Avalere: 37% of ACOs now take on financial risk

A new analysis found that 37% of accountable care organizations take on downside financial risk, as the Trump administration’s push for providers take on more risk makes an impact.

The consulting firm Avalere Health’s analysis released Tuesday found that the number of ACOs taking on downside risk has grown by 20 percentage points from 2018 when 17% of ACOs took on risk. Avalere pegs the increase on experience and a push by the Centers for Medicare & Medicaid Services to get the organizations to adopt risk earlier.

“As ACOs realize they have more experience in the [Medicare] Shared Savings Program, they are starting to feel more comfortable with the operations, processes and reporting requirements,” said Gabriel Sullivan, a consultant with Avalere. “What we see is those ACOs feel more comfortable with assuming risk.”

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From 2012 to 2017, fewer than 10% of ACOs in the MSSP took on downside risk where the ACO gets a share of savings but must pay back the federal government for not meeting spending targets. Most ACOs took on only upside risk, which gives ACOs a share of any savings they generate but they aren't on the hook for missing spending goals.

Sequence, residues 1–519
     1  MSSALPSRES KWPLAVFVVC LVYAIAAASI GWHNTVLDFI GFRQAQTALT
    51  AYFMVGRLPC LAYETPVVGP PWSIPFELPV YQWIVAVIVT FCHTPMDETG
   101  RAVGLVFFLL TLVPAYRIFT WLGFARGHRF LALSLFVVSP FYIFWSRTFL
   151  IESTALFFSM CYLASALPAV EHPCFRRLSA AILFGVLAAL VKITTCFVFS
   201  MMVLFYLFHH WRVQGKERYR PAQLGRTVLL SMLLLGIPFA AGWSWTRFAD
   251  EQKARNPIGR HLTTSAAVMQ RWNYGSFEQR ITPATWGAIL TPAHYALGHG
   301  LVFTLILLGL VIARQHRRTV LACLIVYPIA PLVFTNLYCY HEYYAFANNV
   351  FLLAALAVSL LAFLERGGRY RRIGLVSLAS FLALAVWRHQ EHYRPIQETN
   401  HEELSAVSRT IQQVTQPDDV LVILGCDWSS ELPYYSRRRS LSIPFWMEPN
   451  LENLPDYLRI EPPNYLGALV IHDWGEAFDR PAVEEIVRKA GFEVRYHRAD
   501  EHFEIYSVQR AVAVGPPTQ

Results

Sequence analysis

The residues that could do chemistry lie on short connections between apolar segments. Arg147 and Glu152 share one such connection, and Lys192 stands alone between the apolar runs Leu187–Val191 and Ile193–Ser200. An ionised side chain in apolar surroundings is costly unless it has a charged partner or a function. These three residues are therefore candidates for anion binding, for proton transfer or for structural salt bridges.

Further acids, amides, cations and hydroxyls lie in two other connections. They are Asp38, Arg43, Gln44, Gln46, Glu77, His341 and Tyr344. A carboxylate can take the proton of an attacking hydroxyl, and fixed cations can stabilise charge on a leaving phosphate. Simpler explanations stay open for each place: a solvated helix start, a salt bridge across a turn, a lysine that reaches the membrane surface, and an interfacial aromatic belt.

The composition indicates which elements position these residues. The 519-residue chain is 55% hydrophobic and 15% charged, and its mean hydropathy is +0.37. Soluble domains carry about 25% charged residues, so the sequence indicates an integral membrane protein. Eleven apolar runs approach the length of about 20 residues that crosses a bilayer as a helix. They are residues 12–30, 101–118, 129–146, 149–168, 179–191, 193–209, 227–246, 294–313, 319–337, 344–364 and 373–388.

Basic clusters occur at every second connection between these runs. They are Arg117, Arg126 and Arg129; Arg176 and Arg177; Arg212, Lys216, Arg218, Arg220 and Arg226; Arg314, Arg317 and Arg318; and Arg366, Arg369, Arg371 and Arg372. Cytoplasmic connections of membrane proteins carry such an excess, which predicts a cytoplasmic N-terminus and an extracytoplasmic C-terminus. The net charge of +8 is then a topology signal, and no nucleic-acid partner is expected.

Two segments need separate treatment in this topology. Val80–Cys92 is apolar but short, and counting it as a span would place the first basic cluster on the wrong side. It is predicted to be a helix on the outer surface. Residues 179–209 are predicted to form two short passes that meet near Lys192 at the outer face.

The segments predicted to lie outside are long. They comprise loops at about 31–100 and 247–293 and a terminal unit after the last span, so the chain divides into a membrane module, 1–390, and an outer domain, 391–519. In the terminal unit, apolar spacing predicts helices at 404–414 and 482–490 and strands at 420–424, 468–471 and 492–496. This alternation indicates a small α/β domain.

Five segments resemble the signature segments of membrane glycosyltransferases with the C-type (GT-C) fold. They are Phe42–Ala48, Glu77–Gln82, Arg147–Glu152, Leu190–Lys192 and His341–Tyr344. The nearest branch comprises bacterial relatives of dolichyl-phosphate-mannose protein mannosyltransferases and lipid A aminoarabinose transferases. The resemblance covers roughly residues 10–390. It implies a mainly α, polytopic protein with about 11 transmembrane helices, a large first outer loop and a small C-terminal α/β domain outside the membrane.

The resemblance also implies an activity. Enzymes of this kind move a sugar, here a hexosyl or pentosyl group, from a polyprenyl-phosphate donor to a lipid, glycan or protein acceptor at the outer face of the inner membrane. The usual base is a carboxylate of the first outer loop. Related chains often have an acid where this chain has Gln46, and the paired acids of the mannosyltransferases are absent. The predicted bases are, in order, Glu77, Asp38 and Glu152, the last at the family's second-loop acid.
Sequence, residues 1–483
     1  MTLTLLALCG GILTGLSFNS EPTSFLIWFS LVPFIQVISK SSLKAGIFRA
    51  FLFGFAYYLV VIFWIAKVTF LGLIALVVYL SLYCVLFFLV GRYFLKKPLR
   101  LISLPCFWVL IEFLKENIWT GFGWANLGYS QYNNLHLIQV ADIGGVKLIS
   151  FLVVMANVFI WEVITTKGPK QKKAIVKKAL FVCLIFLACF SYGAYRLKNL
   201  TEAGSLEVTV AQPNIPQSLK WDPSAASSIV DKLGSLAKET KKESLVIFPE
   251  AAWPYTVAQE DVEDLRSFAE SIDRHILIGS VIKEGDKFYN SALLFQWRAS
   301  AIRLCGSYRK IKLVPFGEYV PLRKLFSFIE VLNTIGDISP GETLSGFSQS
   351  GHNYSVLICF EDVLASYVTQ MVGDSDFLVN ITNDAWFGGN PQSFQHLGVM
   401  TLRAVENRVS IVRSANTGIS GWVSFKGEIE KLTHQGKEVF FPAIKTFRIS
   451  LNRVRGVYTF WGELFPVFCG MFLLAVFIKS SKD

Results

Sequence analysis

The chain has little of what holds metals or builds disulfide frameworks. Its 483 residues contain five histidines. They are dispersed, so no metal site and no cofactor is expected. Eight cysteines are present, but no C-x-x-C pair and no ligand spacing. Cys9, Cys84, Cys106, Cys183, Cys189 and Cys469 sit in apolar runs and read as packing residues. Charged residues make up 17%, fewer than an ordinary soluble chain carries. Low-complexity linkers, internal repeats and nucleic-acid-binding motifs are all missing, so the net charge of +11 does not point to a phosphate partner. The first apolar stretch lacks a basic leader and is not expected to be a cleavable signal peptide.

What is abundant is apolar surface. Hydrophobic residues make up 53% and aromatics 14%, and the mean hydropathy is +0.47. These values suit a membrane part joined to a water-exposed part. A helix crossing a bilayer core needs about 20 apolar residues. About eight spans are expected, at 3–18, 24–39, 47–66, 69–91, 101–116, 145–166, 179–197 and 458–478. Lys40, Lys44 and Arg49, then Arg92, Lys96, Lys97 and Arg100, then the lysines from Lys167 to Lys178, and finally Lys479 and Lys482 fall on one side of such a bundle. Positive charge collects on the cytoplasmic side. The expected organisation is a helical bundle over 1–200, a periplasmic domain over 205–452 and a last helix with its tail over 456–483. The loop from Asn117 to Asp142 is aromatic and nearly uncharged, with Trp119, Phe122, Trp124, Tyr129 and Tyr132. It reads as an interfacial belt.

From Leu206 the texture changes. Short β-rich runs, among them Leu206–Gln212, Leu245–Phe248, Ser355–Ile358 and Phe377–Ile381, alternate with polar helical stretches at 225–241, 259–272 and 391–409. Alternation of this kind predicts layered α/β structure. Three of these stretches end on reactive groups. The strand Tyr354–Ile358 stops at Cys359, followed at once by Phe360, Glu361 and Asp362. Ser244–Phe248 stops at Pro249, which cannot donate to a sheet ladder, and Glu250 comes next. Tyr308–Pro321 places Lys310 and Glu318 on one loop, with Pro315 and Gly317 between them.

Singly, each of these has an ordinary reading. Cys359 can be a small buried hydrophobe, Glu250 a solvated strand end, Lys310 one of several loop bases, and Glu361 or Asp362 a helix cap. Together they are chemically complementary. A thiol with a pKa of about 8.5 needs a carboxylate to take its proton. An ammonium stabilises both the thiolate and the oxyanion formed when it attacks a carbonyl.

However, now 37% of ACOs are now taking some form of downside risk, according to the analysis that looks at CMS ACO performance data.

A major reason was the implementation of CMS’ Pathways to Success program, which replaced MSSP.

Pathways to Success required an ACO to take on downside risk after participating for three years in the program, as opposed to MSSP where an ACO could get only upside risk for six years before taking downside risk.

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In July 2019, when Pathways to Success started, the percentage of ACOs with downside risk increased from 19% to 29%.

The analysis comes as CMS Administrator Seema Verma recently announced that the number of ACOs taking on downside risk starting this year was 192, double the 93 ACOs taking on risk at the start of 2019.

Pathways to Success is part of a larger trend by CMS to get providers to shoulder more risk at a faster rate, Sullivan said.

“They have been modifying or creating new alternative payment models that require providers to accept downside risk either immediately or sooner,” Sullivan said of the agency.